Review – Batman: Detective Comics #1053 – The Walls Close In

Detective Comics #1053 variant cover, via DC Comics.

Batman: Detective Comics #1053 – Mariko Tamaki, Matthew Rosenberg, Writers; Max Raynor, Fernando Blanco, Artists; Luis Guerrero, Jordie Bellaire, Colorists

Ray – 9/10

Ray: Shadows of the Bat continues to be one of the best mini-events at DC in a while, uniting the entire Bat-family—sans Batman—in a mystery surrounding the new Arkham Tower. We now know that Psycho Pirate is Dr. Wear’s secret weapon, putting the various Arkham inmates—and anyone else in the tower—in a perpetual stupor. Last issue’s brutal riot has been put down, but the scars remain and Dr. Wear is becoming increasingly desperate. One of the interesting things about Wear as the main villain is that he’s actually rather pathetic. This is not a criticism—it’s interesting to see a villain who does not have any master plan but is simply scrambling to survive and to please his various masters of him as he tries to scam the city.

Judgment day. Via DC Comics.

With Penguin tightening the screws on Wear and the Party Crashers getting increasingly tense, Wear tries to declare war on the Bats interrupting his drug drops. This gives characters like the Batgirls an opportunity to shine, while Batwoman gets deeper into the conspiracies and enlists Deb Donovan. With Huntress increasingly compromised and Batwoman potentially exposed, Nightwing takes over as the mole inside the tower—disguising himself as a hunky custodian and getting into Huntress’ room from her to make a disturbing discovery. But when he finally uncovers the main villain, he finds himself being pulled into the same web. This issue continues to tighten the web around just about anyone as we enter the second half.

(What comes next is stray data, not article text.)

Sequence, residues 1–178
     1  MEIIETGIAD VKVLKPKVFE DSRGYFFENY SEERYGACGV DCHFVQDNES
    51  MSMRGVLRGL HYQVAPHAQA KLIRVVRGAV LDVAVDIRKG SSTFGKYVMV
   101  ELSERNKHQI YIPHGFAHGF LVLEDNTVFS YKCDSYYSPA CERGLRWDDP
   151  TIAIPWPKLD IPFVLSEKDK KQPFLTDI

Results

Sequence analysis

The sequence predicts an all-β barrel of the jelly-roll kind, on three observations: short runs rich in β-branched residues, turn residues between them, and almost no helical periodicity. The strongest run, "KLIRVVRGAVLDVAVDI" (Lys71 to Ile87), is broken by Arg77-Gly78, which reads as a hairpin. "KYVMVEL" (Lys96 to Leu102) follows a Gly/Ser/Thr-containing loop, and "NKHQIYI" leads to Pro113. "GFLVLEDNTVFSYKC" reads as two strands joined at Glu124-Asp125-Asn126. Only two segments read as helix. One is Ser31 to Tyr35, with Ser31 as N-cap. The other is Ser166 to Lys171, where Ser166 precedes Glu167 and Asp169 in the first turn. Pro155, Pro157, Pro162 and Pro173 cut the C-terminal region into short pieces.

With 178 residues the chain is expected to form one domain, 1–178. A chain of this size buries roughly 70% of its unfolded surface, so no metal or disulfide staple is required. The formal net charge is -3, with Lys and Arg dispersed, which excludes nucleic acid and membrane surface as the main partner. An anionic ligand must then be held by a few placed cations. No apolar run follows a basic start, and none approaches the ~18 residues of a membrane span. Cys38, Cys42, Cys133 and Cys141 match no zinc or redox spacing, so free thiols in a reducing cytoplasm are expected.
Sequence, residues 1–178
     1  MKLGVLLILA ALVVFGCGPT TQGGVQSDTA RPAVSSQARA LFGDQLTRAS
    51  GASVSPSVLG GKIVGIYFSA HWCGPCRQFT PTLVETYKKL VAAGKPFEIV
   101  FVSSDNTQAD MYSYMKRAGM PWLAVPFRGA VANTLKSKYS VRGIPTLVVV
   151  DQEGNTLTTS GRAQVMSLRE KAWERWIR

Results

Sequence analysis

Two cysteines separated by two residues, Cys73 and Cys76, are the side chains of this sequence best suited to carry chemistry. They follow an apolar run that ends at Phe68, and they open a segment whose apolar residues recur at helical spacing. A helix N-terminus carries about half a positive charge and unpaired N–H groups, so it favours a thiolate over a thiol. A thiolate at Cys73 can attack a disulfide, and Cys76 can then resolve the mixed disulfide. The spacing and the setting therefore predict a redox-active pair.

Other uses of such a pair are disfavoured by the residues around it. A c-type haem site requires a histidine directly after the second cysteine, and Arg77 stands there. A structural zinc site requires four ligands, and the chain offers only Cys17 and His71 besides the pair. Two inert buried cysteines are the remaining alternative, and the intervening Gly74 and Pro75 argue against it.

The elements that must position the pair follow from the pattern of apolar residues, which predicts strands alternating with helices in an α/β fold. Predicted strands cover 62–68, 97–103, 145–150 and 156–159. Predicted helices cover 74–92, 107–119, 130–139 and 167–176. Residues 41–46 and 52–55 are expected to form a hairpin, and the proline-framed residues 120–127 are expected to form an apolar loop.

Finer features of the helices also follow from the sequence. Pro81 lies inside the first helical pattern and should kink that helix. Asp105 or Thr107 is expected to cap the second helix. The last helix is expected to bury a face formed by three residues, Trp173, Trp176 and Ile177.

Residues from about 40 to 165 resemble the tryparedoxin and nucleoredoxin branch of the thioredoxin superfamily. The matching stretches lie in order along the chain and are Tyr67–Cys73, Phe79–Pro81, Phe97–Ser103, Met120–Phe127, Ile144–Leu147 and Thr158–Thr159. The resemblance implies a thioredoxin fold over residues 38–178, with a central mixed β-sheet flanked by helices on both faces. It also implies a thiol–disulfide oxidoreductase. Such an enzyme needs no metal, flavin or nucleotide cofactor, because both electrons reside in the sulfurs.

I actually think “House of Wayne” was the best segment this issue, though, as our unfortunate antihero finds himself back in Arkham after an unfortunate encounter with Penguin. He’s biding his time there until Bane arrives, breaking all the inmates out in the famous events of Knightfall. But this isn’t liberation for the boy—just another test as Bane has a disturbing method of training for him that includes an encounter with the psychotic Zsasz. As the boy escapes and heads towards an old frenzy, I get the impression this story is only getting darker from here.

To find reviews of all the DC issues, visit DC This Week.

GeekDad received this comic for review purposes.

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